Canadian Health Care System, Good or Bad.
Pat and Hugh Armstrong, authors, in their article "Canada's System Is A Model For Health Care Reform", reprinted in Health Care: Opposing Viewpoints, argues that the Canadian health care system is superior to the United States' market-based system. They support their argument with three reasons. First, they reason that 96% Canadians prefer their health care system to the United States'. They use as support the five principles of the Canadian Health Care Act. This is a criteria for funding set out by the government and the provinces must follow them. The five principles are universal, potable, accessible, comprehensive, and publicly administered. Second, Pat and Hugh Armstrong argues because the government is the main purchaser of services, health care is not only cheaper for individual taxpayers, it is also cheaper for employers facing unions strong enough to successfully demand full health care coverage. They use as support the Chrysler Corp. In the United States, Chrysler pays more for health care than it pays for steel. In Canada, Chrysler does not have to pay for basic hospital costs and therefore its employee costs are lower. Third, they state the rich and the poor go to the same hospitals and doctors. The way they support this is by explaining the Canadians one-tier system. In other words, you can't tell the difference between the hospital rooms, high-tech services, or doctors' appearance. They conclude their article by saying if you were in a doctors office you wouldn't be able to tell if you were in Toronto or Minneapolis.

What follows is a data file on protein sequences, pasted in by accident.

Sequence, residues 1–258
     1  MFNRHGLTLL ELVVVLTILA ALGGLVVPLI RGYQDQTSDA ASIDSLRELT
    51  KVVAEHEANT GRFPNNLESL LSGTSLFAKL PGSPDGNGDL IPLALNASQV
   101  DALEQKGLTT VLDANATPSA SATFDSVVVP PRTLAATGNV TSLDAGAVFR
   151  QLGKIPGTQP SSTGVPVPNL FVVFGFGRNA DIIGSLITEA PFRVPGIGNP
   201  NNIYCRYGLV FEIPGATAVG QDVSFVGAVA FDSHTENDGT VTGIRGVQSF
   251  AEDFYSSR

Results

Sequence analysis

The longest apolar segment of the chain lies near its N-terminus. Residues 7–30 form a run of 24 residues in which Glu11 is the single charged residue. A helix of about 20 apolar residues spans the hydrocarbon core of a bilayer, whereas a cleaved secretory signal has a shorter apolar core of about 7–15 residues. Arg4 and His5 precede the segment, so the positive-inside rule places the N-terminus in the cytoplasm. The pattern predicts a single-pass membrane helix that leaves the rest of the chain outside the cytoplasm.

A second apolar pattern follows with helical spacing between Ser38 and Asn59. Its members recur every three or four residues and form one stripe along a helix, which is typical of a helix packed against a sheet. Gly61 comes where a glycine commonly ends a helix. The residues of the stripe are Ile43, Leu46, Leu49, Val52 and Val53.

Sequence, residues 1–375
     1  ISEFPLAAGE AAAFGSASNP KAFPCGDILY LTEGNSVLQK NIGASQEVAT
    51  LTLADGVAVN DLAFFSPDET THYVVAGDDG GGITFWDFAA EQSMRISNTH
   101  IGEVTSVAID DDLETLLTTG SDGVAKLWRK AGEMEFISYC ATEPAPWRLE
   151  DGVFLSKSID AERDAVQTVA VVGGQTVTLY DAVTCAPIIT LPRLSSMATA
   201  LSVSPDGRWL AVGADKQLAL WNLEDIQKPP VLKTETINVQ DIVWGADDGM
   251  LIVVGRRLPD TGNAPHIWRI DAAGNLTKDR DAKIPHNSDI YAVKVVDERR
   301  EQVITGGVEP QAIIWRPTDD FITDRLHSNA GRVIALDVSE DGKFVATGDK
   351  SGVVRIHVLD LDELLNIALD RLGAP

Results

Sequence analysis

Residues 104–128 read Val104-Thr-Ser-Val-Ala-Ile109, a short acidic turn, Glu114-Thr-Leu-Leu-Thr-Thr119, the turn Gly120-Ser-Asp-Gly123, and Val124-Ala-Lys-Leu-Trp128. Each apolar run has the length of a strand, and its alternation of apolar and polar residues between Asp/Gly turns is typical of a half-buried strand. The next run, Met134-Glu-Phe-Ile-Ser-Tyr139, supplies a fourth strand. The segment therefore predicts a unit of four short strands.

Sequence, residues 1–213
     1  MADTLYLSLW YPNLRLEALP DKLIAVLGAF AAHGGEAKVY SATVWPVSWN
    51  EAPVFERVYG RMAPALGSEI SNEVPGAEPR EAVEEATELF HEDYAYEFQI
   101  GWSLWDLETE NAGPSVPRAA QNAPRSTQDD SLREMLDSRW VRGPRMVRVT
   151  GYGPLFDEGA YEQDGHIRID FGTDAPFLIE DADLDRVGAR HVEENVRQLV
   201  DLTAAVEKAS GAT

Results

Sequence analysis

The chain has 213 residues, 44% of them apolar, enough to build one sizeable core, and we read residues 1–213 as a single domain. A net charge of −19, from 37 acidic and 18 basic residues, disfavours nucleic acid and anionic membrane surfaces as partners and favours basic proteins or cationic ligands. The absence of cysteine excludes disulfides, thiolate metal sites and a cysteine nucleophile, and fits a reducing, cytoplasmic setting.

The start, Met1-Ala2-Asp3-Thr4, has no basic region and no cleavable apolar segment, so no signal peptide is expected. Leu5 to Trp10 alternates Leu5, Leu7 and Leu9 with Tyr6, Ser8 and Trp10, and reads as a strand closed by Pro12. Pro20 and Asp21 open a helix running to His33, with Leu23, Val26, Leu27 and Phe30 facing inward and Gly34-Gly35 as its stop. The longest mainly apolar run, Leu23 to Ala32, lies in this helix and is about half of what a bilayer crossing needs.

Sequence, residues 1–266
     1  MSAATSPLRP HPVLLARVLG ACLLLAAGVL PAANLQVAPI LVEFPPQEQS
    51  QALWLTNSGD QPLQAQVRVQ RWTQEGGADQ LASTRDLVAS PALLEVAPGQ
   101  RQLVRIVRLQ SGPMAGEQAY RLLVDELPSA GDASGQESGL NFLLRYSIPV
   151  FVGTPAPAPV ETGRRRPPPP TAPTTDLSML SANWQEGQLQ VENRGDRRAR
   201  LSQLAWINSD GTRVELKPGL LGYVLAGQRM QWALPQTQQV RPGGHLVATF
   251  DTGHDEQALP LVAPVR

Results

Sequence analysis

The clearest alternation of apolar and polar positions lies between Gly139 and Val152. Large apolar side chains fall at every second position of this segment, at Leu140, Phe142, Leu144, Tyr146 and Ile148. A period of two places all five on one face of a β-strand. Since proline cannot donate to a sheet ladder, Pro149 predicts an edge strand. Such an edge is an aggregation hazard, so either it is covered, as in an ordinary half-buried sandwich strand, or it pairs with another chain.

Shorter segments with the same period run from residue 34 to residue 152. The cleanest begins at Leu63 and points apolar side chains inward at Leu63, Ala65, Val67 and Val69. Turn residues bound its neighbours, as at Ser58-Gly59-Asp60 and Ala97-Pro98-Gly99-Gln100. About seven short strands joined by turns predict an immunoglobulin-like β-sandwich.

Those who oppose Pat and Hugh Armstrong would argue that Canada does not have one of the best health care systems. First, you think Canadians don't get the proper care in a timely manner. You think they have to wait to long for proper medical treatment. You know that as a parent if your son would have to wait in an emergency room with a broken leg, you would become irate.